The Rev. Al Sharpton didn’t rocket to stardom.
In the 1980s and 1990s, he was, at best, a regional activist who had successfully used outrageous tactics to call attention to the plight of dozens of unarmed black men who had lost their lives at the hands of angry white mobs and police officers.
In an act of civil disobedience, Sharpton — armed with a bull-horn and a track suit — rushed into a subway train station in Brooklyn Borough Hall on a cold, December evening in 1988 with about a dozen of his followers in tow. The activists halted rush-hour commuters to demonstrate outrage over persistent racism in New York City and the tragic killing of a 16-year-old named Yusuf Hawkins by a mob of white youngsters.
That one bold act of defiance was successful on many levels. Sharpton got around-the-clock media coverage and was able to use the public spotlight to catapult himself onto the national stage.
Over time, he became known as one of black America’s best weapons in the fight against systemic racism and police brutality and went on to decry police misconduct in the case of Abner Louima, Amadou Diallo, Sean Bell and countless others. It was a position that Sharpton himself openly embraced, though it was not all smooth sailing.
For years, Sharpton was dogged in the media for his aggressive defense of Tawana Brawley, a who in 1987, was a 15-year-old black teenager who claimed that she was attacked and raped by a group of white men. Many considered the case to be a hoax, but Sharpton continues to stand by his decision to come to her aid, much to the chagrin of those who wish that he would simply apologize and move on.
Sharpton had learned how to engage in civil disobedience as a youth leader of Operation Breadbasket — which served as the economic arm to Dr. Martin Luther King Jr.’s Southern Christian Leadership Conference. Sharpton’s intimate interactions in the 1970s with civil rights giants like Ralph D. Abernathy, William Augustus Jones. Jr. and Hosea Williams, helped him to develop an aggressive plan for how to transfer King’s 1960s southern tactics to New York City, which many foolishly considered a melting pot, free of racial strife and tension.
Over time, Sharpton developed his own audacious style, much to the dismay of the older and much more conservative southern black activists, who wondered if the rabble-rousing preacher had gone astray.
What did not change, however, was Sharpton’s consistency in fighting for the victims of civil rights injustices, even leaving behind a lucrative life on the road with soul singer James Brown in the early 1980s to return to New York penniless with the goal of building a civil rights career.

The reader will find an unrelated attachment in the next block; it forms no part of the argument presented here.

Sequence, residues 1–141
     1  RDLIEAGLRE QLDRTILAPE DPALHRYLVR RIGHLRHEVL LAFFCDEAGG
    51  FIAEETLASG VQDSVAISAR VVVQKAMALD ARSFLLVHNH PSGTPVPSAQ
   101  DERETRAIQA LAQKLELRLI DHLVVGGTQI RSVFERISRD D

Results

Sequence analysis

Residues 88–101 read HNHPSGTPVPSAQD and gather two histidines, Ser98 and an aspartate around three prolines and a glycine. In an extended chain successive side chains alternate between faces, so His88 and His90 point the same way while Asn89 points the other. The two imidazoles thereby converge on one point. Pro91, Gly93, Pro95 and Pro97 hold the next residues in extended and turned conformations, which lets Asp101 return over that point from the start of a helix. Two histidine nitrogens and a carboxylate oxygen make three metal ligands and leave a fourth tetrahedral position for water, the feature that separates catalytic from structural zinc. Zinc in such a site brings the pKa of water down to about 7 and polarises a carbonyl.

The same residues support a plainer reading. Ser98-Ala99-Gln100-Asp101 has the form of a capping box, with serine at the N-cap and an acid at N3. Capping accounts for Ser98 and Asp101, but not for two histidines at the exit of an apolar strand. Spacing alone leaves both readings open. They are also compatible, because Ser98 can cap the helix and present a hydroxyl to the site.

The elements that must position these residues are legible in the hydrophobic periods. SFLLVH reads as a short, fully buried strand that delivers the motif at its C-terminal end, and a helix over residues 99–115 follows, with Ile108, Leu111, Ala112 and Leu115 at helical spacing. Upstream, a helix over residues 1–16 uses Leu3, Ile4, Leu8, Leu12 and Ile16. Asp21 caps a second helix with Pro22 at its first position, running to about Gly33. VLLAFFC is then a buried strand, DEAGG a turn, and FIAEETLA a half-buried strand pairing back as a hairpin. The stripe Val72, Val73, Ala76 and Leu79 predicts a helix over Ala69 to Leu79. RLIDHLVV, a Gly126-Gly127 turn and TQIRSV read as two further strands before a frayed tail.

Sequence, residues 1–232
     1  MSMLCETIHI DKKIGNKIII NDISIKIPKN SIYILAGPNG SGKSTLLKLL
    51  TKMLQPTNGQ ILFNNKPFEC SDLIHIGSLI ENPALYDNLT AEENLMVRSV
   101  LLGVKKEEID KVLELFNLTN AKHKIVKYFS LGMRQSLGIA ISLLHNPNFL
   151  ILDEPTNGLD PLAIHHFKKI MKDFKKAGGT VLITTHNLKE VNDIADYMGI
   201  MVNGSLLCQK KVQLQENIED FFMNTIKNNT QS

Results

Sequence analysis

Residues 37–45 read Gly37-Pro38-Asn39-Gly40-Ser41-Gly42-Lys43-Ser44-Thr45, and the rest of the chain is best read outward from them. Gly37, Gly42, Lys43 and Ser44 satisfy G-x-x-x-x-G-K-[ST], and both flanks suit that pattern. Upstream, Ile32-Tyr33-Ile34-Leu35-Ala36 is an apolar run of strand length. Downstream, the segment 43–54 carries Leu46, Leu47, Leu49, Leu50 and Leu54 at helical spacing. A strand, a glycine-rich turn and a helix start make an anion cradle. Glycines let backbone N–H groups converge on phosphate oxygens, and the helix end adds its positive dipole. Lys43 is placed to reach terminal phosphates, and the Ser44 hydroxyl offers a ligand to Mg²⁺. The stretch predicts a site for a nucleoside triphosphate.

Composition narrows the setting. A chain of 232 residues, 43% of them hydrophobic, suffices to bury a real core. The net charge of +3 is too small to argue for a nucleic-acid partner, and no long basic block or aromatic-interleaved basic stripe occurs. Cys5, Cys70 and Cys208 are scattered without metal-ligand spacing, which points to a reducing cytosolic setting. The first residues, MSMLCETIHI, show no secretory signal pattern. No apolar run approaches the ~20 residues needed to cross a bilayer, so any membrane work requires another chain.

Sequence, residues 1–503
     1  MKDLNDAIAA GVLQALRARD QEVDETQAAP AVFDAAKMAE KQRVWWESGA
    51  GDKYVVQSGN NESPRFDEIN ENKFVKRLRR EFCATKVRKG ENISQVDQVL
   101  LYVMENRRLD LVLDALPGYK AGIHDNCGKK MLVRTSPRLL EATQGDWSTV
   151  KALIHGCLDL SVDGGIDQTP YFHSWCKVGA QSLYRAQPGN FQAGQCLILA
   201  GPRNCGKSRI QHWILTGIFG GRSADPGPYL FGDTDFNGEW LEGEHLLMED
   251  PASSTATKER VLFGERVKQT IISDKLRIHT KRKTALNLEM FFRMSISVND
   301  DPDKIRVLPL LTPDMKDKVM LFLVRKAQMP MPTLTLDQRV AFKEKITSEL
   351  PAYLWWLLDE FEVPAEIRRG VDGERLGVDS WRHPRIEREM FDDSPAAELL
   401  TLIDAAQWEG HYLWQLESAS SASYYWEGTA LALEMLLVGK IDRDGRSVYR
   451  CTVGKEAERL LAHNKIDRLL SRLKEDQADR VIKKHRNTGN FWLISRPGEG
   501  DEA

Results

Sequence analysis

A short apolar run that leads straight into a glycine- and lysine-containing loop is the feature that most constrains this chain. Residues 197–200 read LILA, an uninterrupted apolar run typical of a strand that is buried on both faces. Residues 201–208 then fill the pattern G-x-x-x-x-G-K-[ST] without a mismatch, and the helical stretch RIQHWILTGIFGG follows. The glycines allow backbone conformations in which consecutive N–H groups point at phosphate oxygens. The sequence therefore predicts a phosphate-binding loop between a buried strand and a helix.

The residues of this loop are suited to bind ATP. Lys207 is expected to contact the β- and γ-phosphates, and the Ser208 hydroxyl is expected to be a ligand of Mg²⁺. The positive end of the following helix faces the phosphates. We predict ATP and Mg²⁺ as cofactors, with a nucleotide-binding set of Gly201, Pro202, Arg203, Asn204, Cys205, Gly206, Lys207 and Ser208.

Without question, Sharpton had personal ambitions too. After several unsuccessful bids for political office, by the late 1990s he wanted more than anything to surpass his one time idol, the Rev. Jesse Louis Jackson, and become the unofficial President of Black America.
Like King, who was summoned to Birmingham, Alabama, in 1963 after a bomb at the Sixteenth Street Baptist Church killed four young girls, Sharpton was the first to take up the causes of Trayvon Martin, Michael Brown and Eric Garner.
As Barack Obama cautiously weighed in on these recent cases from the comfort of the Oval Office, Sharpton was on the ground and can be credited with helping to nationalize these stories, by using his MSNBC show “Politics Nation” and his syndicated radio show to keep these victims in the news every day.
But now, younger and more radical activists are waiting in the wings to take the baton from the 60-year-old Sharpton, who they say has lost his edge.
There is also no consensus that African Americans view him as their leader. This is evidenced by the recent decision of a Brooklyn family to disinvite Sharpton from delivering the eulogy at the funeral of Akai Gurley, an unarmed black man who was shot to death by police in the stairwell of a housing development.
“I don’t see him getting arrested and going to jail anymore,” said Timothy Morrison, 42, a New York activist , who pointed out that as Sharpton has grown in national stature, he has become less militant and less connected to the grassroots.
“You have to give him his props for the work that he’s done, but he now needs to step aside and let the young people lead,” Morrison added.
If the extent of Sharpton’s influence is measured by the thousands of people who showed up to his rally against police misconduct in Washington, D.C., on Saturday, then one can argue that he remains a power broker, even as activists planned what some viewed as a competing rally and march at the same time in New York City.
But don’t count on Sharpton announcing his retirement from public life anytime soon. Obama may be the nation’s first black president, but Sharpton still sees himself as President of Black America.
Jamal Eric Watson is a senior staff writer for Diverse: Issues In Higher Education magazine and a contributor to The Root. He is the author of a forthcoming biography of the Reverend Al Sharpton. You can follow him on twitter @jamalericwatson or contact him at firstname.lastname@example.org